All of the fiber stuff within…going from the court back to the compound that was supplied by ESPN and a little bit of American Airlines Center. They have that stuff on hand. Actually within the compound just to speed things up we just fibered up all the boxes together so we did this together with CP Communications and they’ve been our partners for a while now in the remote sports broadcast and they’re a rental house based out of New York and so they brought a bunch of fiber limbs with them—some TAC-4, some TAC-12–and just in the compound we connected up the base devices within a matter of minutes and everybody was just like, “What, you’re all connected?” “Yep, we’re all ready to go.” So, I make it sound easy, obviously there’s a lot of planning in terms of what the guys—the A1s–need to do before a show happens and they got to know what points and what sources are needed where and where are they feeding what signals to. But that’s something that we only get involved with broad scale. We’re not down into the micromanaging of that. That’s up to the end user. We just provide the inter-connects and make it easy for them and we just follow as…what they need—“We need a base device here on the sub mix trailer. We need a couple over here by the production mix. We need one by 3D.” It’s something that we pride ourselves on is providing equipment that’s very, very reliable. You plug it in and you get going…the case in point, back to the TrueMatch it’s funny, I can’t mention any names but one of the A1’s there are saying, “These high-end mic pre’s are really going to catch on.” because they are just blown away by the sound. [Timestamp: 11:45]
Now how many sorts of different signals can you simultaneously route over the Nexus network?
It’s interesting, it’s really…from an audio standpoint we’ve handled all flavors from MADI to AES, analog obviously as we’ve been speaking. We do embedding, de-embedding for 3G, we do Dolby E, Tdif, Adat…there’s a whole slew of them but not only do we transport audio we also transport communications so whether it be GPIO, RS-422, -232, 485 even—we can take your RTS panels and if you want to remote those you can just plug it into an Nexus base device, throw a 485 out at the other end and you’ve got the panel working there at the other end. [Timestamp: 12:33]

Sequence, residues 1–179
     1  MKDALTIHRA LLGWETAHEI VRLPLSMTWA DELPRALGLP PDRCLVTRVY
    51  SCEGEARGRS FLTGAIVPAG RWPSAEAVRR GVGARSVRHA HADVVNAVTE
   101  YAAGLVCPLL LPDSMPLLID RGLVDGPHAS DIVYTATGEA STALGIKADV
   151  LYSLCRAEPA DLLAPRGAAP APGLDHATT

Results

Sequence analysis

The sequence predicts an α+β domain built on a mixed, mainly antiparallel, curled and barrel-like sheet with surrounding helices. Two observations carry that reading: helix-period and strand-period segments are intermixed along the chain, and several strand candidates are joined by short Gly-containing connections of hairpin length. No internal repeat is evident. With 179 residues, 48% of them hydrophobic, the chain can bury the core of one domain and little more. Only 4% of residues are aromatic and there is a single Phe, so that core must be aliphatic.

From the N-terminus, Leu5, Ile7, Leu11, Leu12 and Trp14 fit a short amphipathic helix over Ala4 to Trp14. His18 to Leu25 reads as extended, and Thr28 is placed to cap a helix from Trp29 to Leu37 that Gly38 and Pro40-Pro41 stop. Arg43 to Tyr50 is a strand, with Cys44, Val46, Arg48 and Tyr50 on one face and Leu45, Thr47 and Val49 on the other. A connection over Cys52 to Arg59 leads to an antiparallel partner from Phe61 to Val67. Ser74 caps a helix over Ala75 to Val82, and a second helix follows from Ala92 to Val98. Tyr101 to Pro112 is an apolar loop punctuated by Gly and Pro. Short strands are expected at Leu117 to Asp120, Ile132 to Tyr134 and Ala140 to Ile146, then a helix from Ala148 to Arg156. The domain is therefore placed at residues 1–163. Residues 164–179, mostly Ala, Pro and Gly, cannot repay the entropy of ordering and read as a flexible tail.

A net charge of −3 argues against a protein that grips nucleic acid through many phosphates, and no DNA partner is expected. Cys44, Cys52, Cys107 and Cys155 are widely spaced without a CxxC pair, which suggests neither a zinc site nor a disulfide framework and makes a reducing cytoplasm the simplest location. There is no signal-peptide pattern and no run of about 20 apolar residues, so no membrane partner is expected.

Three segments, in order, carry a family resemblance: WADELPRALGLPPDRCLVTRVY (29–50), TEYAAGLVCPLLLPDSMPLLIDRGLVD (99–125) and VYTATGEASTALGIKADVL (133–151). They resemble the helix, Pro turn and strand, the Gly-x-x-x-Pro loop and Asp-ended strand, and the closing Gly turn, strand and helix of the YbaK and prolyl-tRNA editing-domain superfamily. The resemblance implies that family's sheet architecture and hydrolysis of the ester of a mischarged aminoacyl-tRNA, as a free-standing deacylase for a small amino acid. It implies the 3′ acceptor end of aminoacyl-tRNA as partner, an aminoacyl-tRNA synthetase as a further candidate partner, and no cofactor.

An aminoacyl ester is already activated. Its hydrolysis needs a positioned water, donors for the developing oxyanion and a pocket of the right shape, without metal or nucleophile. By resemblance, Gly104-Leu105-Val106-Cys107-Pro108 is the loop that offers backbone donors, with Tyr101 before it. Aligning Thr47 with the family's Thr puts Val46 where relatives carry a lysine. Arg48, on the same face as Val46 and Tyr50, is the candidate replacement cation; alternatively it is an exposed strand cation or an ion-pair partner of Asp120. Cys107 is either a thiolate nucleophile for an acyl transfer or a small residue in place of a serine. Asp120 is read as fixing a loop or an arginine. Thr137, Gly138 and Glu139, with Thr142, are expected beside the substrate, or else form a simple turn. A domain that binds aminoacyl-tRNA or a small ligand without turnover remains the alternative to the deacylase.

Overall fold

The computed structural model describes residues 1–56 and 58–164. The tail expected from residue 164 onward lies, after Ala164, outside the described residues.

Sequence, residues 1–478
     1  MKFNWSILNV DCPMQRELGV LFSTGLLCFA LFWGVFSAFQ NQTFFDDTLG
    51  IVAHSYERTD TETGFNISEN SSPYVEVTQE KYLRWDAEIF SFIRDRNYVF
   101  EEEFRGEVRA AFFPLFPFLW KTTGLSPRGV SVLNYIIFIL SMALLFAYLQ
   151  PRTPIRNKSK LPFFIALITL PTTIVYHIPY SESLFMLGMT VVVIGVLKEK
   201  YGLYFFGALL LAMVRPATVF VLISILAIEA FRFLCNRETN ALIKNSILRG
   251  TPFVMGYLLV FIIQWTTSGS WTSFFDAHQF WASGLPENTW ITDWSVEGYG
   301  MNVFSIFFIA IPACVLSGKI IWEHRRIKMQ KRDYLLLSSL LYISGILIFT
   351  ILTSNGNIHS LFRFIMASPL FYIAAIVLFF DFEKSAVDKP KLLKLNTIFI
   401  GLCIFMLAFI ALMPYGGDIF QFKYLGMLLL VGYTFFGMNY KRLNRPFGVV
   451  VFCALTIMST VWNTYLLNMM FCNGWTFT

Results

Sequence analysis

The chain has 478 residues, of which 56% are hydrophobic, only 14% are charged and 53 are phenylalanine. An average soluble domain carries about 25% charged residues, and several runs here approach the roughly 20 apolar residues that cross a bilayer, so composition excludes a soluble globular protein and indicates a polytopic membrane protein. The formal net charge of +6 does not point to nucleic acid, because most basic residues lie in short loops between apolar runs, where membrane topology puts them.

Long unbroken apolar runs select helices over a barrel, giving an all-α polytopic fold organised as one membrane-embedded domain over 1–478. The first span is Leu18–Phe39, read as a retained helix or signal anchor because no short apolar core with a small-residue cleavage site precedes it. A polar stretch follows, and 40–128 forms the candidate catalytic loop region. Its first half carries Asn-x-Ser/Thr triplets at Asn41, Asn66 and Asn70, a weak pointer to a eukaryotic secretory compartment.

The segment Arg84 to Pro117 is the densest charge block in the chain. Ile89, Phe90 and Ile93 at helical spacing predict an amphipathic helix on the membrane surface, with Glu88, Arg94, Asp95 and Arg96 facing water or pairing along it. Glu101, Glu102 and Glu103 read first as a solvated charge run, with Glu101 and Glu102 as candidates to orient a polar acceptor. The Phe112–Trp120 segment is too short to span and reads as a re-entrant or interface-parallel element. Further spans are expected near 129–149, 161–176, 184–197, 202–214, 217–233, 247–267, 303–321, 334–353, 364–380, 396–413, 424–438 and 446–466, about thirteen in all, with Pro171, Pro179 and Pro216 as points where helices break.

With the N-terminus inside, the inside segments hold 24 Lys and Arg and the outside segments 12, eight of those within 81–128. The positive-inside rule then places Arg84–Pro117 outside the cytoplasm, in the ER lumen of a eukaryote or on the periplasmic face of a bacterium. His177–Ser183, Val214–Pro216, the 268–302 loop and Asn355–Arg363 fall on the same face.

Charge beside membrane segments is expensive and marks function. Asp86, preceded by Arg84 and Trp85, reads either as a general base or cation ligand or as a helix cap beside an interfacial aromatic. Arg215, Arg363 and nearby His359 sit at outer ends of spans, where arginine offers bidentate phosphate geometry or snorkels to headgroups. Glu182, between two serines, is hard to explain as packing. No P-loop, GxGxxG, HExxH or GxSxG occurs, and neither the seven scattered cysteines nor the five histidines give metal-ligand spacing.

What are the Nexus Base Devices and how do they work? They’re obviously a very critical part of this system.
Yeah, as I said in the beginning, Nexus is a distributor of architecture-styled routing which means we have what we call base devices those are actually nodes and those are connected together by a fiber and in each of those nodes we have modular choices for you to make on types of I/O that you need so whatever you need at that location. So for instance if you had a bunch of…in NBA-style obviously within the facility you would have a whole slew of the TrueMatch microphone inputs on various different boxes wherever you needed them—if you needed it down by the net. We have small 1RU, 19in. 1RU boxes that these cards slip in or we have the next size up is a 3RU that can hold up to 20 cards and you populate it as you need it. You need outputs—OK no problem, you need AES inputs, yeah, we’ll work that out with you and then smaller networks it’s all set up in a ring topology type way and then obviously as soon as you start getting a little bit bigger—over 256 channels we go to STAR and a mix of rings so you can get quite large. In fact the ESPN system facility wise, you’re looking at over some 65,000 inputs and outputs so the Nexus can grow with you. Obviously in a remote situation you’re not going to have that many inputs and outputs…I think at the NBA Finals we were, with all the MADI signals, I guess we were somewhere in the vicinity of…let me just check here quickly, I would say probably somewhere in just over 1,000 channels that we were porting around. [Timestamp: 14:18]
Well, that’s plenty for a live remote and I really appreciate your taking time to tell us about how all of this got done at the NBA Finals. In part 2, we’ll get more into the TrueMatch digital mic pres and some of the other things that happened on the remote but thanks for telling us about it.